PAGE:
NEW YORK — Last season, after a seemingly unending stretch of mediocrity, the Knicks had a surprising year that recaptured that imagination of this city that has been waiting for them. So Wednesday night’s season-opener against the Celtics had an unusual amount of buzz, and both teams put a jolt into a rivalry that appears to have been renewed.
In the end, the Knicks overcame a frenetic Boston rally at the end of regulation and escaped with a 138-134 double-overtime win that had fans dancing in the aisles as the final buzzer sounded. Players from both teams appeared exhausted as they walked off the court, but the Knicks were smiling and the Celtics were not.
“Tough one to give away, especially when you worked so hard to get back in it,” Celtics coach Ime Udoka said. “But it’s only the first game.”
The night had the usual dashes of opening-night sloppiness, and that created just enough unpredictability and chaos to turn this game on its head time and again.
There were double-digit comebacks by both teams. There was Boston’s surge from a six-point deficit in the final 30 seconds of regulation, when a Marcus Smart buzzer-beating 3-pointer sent the game to overtime. There was Jayson Tatum’s airball at the end of the first overtime, and Brown’s missed dunk during the second.
Brown, however, can be forgiven for that rare lapse that came on legs that were never supposed to be this heavy. He had been sidelined for two weeks after contracting COVID-19 and said Wednesday morning he was unsure if he would even play in this game.
Udoka, whose coaching debut almost became an afterthought on this wild night, said Brown’s playing time would be limited. Then Brown erupted for a career-high 46 points in 46 minutes, including a 20-point first quarter and 8 of 14 shooting from beyond the 3-point arc. He said that by the end of the night, he could feel his heart pounding through his chest.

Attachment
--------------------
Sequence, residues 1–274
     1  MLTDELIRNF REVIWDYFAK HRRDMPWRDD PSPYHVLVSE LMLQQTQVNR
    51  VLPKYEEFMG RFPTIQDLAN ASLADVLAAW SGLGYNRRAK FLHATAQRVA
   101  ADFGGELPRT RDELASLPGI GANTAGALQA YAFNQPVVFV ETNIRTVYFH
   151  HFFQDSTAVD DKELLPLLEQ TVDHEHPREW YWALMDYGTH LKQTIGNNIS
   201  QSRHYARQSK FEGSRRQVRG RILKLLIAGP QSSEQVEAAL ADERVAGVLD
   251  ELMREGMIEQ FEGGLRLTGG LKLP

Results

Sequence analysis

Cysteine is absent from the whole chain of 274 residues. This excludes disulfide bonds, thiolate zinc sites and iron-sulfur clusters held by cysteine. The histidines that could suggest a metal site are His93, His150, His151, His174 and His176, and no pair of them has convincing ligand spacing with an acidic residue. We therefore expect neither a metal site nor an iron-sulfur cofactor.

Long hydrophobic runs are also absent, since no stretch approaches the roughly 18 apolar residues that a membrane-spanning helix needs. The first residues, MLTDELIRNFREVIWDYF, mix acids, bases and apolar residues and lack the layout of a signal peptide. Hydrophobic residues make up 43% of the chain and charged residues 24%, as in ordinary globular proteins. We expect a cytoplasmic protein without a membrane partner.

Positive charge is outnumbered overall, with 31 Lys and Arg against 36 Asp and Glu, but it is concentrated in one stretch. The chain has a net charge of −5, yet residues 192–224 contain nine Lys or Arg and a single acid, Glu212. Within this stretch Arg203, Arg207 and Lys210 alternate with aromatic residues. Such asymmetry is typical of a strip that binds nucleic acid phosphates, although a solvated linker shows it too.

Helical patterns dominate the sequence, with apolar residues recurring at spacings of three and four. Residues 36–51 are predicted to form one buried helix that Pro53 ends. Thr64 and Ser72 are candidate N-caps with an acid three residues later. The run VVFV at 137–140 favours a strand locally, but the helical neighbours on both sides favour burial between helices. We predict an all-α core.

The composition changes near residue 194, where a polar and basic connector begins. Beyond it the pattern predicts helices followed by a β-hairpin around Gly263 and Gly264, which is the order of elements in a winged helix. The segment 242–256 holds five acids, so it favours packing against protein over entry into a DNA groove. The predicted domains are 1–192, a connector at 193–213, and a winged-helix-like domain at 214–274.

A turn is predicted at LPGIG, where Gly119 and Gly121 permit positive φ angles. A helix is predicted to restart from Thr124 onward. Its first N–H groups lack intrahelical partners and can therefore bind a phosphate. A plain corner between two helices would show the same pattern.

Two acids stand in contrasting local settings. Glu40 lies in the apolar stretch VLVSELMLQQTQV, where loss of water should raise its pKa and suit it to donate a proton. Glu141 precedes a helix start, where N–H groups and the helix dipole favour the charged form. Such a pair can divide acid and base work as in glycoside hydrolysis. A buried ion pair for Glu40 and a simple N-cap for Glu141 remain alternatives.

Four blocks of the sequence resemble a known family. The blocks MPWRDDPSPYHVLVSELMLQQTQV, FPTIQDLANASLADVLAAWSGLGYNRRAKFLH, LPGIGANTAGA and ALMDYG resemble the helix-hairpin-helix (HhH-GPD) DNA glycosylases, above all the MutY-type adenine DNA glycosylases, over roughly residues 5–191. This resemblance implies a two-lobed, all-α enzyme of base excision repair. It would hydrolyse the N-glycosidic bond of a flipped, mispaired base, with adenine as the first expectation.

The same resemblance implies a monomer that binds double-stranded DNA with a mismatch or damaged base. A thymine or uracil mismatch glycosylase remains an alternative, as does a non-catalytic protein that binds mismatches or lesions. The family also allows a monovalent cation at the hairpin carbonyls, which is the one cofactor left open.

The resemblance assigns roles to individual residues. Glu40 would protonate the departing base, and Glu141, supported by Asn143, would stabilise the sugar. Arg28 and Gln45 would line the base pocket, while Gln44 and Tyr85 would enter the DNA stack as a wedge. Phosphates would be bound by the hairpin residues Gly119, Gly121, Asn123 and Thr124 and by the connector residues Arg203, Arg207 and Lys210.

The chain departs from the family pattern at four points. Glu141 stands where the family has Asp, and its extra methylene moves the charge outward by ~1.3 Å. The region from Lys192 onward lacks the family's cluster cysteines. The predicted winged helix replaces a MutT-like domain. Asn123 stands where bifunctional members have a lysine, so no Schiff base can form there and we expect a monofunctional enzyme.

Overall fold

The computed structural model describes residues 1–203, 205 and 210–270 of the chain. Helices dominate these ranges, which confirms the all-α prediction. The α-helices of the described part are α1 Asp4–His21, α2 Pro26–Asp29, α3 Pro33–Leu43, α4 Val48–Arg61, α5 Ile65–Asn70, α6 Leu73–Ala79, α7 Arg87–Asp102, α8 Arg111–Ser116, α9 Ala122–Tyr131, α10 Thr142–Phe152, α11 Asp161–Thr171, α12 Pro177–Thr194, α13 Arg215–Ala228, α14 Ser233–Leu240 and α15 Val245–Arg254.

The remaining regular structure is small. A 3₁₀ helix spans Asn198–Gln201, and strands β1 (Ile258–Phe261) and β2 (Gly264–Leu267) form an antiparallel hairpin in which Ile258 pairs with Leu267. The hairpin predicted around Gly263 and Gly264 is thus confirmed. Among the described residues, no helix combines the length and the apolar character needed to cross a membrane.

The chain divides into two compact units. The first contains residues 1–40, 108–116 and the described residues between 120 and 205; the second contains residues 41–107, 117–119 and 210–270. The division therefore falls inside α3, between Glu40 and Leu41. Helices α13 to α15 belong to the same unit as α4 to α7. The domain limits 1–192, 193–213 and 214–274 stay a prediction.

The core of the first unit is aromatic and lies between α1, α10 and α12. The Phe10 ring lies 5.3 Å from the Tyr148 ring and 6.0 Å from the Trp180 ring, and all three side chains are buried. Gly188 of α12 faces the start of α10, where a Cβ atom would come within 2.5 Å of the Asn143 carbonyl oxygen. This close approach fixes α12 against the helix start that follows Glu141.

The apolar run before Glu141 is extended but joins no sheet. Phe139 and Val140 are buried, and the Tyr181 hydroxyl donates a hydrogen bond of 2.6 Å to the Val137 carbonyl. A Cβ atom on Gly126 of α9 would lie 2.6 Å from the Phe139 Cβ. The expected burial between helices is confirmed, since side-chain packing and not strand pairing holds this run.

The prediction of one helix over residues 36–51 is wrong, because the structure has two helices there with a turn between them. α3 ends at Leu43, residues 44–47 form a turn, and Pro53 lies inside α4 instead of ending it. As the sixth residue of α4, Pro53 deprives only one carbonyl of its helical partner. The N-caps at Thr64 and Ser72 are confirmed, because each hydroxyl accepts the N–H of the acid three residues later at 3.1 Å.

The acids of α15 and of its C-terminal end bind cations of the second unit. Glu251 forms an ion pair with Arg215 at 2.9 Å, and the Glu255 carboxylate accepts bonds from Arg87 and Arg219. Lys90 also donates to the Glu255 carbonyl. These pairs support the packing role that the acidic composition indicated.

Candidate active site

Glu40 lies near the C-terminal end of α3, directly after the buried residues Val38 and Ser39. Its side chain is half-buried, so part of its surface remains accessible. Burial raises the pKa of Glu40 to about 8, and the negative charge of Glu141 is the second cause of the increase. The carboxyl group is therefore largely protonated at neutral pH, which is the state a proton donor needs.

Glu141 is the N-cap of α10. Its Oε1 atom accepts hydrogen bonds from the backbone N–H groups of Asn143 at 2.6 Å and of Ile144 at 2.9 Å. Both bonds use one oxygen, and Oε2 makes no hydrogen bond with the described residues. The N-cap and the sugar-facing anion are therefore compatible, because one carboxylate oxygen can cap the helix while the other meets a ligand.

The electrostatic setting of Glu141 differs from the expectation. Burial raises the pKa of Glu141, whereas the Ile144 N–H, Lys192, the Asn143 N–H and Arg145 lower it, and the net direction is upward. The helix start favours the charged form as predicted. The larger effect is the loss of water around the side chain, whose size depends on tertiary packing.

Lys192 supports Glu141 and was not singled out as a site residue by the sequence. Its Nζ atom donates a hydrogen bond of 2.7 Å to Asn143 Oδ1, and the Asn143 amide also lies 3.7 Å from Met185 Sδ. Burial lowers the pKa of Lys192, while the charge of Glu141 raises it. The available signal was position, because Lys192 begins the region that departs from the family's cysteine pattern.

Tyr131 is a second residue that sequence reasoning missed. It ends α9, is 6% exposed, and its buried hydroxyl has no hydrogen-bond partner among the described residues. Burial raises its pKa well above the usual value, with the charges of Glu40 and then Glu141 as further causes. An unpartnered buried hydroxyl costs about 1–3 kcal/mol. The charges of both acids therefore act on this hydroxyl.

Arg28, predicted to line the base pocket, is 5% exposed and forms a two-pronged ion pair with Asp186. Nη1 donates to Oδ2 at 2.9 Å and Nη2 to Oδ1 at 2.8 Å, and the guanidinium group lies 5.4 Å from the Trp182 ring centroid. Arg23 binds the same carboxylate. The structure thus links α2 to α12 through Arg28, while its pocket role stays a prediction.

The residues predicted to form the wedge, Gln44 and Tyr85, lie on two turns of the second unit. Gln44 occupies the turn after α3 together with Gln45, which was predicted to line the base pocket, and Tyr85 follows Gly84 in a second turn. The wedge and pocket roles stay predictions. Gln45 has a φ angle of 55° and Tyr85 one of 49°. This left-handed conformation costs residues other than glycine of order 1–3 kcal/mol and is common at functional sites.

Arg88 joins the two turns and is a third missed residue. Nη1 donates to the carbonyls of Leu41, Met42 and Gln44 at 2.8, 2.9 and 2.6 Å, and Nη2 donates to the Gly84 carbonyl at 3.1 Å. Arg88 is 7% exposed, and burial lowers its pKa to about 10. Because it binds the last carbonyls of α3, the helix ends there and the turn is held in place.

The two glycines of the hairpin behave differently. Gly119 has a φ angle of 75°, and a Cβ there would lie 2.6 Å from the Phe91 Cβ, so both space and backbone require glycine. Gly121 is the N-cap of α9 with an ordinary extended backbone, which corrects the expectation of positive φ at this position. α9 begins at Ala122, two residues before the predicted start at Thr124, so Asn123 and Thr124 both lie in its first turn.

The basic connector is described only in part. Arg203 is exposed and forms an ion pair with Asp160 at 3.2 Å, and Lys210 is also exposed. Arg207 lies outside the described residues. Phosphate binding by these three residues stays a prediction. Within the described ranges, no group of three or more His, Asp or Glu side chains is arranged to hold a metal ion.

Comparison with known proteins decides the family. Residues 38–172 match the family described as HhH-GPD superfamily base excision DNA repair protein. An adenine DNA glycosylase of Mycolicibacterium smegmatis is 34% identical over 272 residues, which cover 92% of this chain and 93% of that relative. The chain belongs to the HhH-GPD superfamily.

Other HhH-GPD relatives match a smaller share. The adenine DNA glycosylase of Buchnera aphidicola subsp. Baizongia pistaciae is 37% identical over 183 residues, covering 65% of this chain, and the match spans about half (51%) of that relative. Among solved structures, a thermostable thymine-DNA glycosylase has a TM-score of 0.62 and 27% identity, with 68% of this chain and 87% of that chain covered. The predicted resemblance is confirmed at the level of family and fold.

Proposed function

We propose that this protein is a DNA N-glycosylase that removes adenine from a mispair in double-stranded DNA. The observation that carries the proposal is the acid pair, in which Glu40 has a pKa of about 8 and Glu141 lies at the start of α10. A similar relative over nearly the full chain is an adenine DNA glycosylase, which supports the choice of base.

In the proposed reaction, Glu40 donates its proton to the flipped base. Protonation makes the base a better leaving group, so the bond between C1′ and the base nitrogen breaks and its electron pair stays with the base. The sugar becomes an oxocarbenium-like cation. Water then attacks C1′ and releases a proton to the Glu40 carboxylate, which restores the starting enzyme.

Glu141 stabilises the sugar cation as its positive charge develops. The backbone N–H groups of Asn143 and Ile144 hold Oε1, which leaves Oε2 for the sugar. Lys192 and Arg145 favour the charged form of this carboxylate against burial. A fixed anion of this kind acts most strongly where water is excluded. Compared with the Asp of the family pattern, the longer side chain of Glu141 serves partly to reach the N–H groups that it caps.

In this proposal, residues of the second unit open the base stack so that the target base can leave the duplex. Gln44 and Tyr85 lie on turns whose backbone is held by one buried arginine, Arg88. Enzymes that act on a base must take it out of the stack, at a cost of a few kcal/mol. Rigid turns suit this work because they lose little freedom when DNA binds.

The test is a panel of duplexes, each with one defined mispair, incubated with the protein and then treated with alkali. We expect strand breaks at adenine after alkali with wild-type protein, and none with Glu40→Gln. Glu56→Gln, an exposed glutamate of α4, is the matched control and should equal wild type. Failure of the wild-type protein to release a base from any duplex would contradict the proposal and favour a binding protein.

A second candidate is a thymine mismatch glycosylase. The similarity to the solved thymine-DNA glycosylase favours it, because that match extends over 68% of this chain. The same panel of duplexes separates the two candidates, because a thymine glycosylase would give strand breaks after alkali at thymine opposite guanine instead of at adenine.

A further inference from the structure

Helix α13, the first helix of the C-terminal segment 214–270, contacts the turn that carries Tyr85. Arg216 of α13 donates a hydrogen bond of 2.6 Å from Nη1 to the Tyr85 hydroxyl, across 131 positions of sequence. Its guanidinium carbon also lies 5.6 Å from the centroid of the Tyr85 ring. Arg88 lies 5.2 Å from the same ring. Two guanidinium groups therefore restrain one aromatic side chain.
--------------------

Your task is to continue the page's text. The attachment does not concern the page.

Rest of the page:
“I don’t know how I did it,” Brown said. “I spent a lot of time in quarantine, thinking about when I was going to get back out there, just imagining, seeing the game, visualizing. And some shots fell tonight.”
Although Brown was spectacular, his fellow All-Star Tatum was not. During the first half Tatum missed one wide open 3-pointer after another, most of them thudding long off the back rim. Typically these ruts melt away over the course of a game and turn into footnotes, but this one did not. Tatum made just 7 of 30 shots and 2 of 15 3-pointers.
“Sometimes you’ve got to laugh at yourself,” Tatum said. “I guess I’m good for one of those a season. Hopefully, that’s the last one. Get it out the way. We’ve got 81 more.”
He seemed determined to flip his night when he drove toward the right baseline with time running down near the end of the first overtime. But his fadeaway 15-footer was an air-ball, a good summation of his evening. Brown, whose dominant play had given Boston a chance, had stood unmarked and unencumbered near the left arc, and briefly appeared exasperated as he turned toward Boston’s bench with his palms facing the sky after Tatum’s miss.
For the Knicks, the night was the New York homecoming of former Celtics point guard Kemba Walker. The Garden crowd erupted when he was introduced in the starting lineup and was even louder when he drilled his first 3-pointer. He was not much of a factor after that, however, and his two turnovers in the final 30 seconds of regulation nearly flattened the Knicks.